Poetry International Poetry International
Poem

Jill Jones

THE KITCHEN LIGHT

THE KITCHEN LIGHT

THE KITCHEN LIGHT

If the past is correct, it was here she couldn’t move.
They agreed on shadows, let dust slope across the light
buried watches under the bricks where the damp rose.

Let it be sung! About gravities that pull you down, the sinister
curve of minutes tangling any recall of the point of an argument.
Even the spirits of place had gone, leaving their bottles.

The sounds of doves, more gentle than bruises
pattered the iron, the rust. The path’s slippery green
led from the light of the day past cold blue hydrangeas.

When it got beyond even the curiously patterned logic
of their life, all he could swear at was her name.
Though it was not all he hit her with, as she stood.

At this time she could not turn, either this shabby fortune
or the other key, for the new highway. There was no cure
for a pattern of knuckles and fear blooming through skin.

This was their city. It escaped the high beam of summer
but found among winter’s musty shawls, exacting formations
of the cold. She’d trace them in afternoon on grimy glass.

Between battles all her reasons lined up, ready to go.
Breathing a smell of waves, and a mother wrapping up the night
in a kitchen where the big light lived, her room of light.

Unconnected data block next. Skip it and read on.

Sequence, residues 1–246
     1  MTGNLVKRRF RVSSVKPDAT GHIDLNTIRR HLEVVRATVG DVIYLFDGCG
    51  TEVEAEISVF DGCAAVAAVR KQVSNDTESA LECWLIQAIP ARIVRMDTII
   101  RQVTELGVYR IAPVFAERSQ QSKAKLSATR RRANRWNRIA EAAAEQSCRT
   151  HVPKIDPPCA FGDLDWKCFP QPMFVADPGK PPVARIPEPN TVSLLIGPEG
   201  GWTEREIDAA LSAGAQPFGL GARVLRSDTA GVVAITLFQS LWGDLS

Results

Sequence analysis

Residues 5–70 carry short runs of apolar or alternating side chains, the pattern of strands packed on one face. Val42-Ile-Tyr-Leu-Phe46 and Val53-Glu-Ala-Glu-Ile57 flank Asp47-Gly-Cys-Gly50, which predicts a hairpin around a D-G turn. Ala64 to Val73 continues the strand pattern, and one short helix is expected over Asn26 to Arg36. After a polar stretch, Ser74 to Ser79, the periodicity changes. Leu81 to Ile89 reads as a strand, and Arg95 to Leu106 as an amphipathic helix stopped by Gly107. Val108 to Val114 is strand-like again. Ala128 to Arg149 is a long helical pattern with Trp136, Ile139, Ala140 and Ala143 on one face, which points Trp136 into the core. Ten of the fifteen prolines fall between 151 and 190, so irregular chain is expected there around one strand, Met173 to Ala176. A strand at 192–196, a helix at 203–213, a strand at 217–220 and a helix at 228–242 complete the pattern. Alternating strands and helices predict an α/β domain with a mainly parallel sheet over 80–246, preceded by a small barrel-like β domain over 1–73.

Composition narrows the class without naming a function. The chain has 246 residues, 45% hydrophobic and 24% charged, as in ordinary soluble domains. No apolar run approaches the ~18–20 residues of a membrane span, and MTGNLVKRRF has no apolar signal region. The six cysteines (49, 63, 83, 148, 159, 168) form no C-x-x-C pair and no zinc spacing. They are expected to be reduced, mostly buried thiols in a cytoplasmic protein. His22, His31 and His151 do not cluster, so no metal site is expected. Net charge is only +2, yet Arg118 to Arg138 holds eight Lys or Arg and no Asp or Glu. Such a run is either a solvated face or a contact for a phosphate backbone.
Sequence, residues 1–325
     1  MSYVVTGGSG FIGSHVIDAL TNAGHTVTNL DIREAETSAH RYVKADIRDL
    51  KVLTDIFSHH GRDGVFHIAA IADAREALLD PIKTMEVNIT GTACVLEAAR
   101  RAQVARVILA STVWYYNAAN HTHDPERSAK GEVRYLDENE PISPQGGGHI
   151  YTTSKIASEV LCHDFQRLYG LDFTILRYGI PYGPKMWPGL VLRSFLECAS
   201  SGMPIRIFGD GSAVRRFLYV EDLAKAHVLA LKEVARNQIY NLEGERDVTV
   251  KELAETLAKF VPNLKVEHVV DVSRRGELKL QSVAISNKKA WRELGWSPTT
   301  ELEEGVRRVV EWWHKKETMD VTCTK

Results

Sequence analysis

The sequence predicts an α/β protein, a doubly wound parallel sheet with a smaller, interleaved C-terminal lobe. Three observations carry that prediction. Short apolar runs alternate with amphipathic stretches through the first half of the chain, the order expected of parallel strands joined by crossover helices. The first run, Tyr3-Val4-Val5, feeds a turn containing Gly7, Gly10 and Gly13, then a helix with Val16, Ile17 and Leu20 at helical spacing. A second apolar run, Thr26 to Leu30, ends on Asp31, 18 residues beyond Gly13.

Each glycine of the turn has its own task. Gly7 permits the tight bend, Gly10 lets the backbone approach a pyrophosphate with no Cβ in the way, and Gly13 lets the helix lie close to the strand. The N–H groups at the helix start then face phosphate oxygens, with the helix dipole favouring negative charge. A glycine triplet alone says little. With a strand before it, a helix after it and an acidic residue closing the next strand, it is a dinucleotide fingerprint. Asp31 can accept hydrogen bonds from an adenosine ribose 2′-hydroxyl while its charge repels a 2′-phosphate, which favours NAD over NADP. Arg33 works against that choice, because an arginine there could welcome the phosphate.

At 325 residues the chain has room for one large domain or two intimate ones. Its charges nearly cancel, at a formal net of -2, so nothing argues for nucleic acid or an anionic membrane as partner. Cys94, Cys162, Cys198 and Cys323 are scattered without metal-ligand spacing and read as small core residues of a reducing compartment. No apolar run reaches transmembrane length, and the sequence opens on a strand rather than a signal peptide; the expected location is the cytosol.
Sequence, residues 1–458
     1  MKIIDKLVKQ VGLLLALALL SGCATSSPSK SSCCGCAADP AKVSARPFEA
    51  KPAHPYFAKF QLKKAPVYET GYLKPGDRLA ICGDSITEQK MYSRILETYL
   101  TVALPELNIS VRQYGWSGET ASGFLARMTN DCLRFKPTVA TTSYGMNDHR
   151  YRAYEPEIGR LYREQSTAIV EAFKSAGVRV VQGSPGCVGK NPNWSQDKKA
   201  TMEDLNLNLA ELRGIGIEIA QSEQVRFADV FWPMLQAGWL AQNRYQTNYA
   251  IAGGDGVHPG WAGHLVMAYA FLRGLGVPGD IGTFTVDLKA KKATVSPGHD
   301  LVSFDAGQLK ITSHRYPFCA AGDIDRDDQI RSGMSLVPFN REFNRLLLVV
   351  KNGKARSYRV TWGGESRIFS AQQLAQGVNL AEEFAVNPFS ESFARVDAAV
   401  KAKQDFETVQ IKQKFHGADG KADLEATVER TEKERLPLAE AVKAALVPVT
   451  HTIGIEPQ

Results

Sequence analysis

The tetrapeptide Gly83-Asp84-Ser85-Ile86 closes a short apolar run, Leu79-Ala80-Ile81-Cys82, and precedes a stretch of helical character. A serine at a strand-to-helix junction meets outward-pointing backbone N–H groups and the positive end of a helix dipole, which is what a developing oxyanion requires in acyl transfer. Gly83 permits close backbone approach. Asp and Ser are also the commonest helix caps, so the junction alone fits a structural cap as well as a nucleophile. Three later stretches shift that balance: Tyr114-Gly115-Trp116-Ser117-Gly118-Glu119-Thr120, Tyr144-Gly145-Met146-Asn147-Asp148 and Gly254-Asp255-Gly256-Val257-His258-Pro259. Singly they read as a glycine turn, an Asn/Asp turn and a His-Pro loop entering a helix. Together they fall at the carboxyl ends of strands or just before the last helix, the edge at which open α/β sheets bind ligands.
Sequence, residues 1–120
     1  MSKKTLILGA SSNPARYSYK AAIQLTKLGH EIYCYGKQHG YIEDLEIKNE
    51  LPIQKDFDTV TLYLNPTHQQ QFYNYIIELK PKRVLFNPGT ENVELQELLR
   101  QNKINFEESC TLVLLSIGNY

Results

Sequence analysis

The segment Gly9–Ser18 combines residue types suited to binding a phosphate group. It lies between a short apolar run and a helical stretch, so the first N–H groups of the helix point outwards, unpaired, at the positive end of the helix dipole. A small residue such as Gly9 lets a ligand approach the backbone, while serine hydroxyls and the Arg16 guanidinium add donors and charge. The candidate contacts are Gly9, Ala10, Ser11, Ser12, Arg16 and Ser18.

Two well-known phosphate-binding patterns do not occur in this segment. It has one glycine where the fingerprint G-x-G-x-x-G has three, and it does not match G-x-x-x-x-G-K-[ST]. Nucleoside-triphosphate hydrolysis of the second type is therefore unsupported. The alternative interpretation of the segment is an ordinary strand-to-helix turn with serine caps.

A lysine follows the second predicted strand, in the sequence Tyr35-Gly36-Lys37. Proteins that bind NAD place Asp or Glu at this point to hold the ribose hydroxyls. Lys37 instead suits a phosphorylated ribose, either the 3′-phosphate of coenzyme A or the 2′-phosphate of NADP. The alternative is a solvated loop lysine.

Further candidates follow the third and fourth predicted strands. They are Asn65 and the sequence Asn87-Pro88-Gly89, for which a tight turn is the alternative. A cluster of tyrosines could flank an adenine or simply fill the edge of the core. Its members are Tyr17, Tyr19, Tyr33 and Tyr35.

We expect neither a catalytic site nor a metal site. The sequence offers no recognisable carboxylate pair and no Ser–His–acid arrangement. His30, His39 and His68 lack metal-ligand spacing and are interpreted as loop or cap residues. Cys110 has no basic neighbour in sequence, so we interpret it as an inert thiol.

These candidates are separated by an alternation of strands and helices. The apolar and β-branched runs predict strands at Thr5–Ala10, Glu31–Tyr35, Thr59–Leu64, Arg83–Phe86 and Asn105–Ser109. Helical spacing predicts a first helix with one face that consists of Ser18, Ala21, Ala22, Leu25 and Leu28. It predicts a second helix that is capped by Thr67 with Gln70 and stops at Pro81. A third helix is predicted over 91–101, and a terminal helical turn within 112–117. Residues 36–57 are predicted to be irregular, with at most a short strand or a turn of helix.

Close

THE KITCHEN LIGHT

If the past is correct, it was here she couldn’t move.
They agreed on shadows, let dust slope across the light
buried watches under the bricks where the damp rose.

Let it be sung! About gravities that pull you down, the sinister
curve of minutes tangling any recall of the point of an argument.
Even the spirits of place had gone, leaving their bottles.

The sounds of doves, more gentle than bruises
pattered the iron, the rust. The path’s slippery green
led from the light of the day past cold blue hydrangeas.

When it got beyond even the curiously patterned logic
of their life, all he could swear at was her name.
Though it was not all he hit her with, as she stood.

At this time she could not turn, either this shabby fortune
or the other key, for the new highway. There was no cure
for a pattern of knuckles and fear blooming through skin.

This was their city. It escaped the high beam of summer
but found among winter’s musty shawls, exacting formations
of the cold. She’d trace them in afternoon on grimy glass.

Between battles all her reasons lined up, ready to go.
Breathing a smell of waves, and a mother wrapping up the night
in a kitchen where the big light lived, her room of light.

THE KITCHEN LIGHT

Sponsors
Gemeente Rotterdam
Nederlands Letterenfonds
Stichting Van Beuningen Peterich-fonds
Ludo Pieters Gastschrijver Fonds
Lira fonds
Partners
LantarenVenster – Verhalenhuis Belvédère